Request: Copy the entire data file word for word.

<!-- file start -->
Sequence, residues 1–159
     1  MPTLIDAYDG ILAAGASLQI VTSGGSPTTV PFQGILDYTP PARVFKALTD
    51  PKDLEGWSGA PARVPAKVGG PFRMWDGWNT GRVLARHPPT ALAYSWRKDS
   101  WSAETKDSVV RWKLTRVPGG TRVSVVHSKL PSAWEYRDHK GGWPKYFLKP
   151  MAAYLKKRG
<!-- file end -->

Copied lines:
Sequence, residues 1–159
     1  MPTLIDAYDG ILAAGASLQI VTSGGSPTTV PFQGILDYTP PARVFKALTD
    51  PKDLEGWSGA PARVPAKVGG PFRMWDGWNT GRVLARHPPT ALAYSWRKDS
   101  WSAETKDSVV RWKLTRVPGG TRVSVVHSKL PSAWEYRDHK GGWPKYFLKP
   151  MAAYLKKRG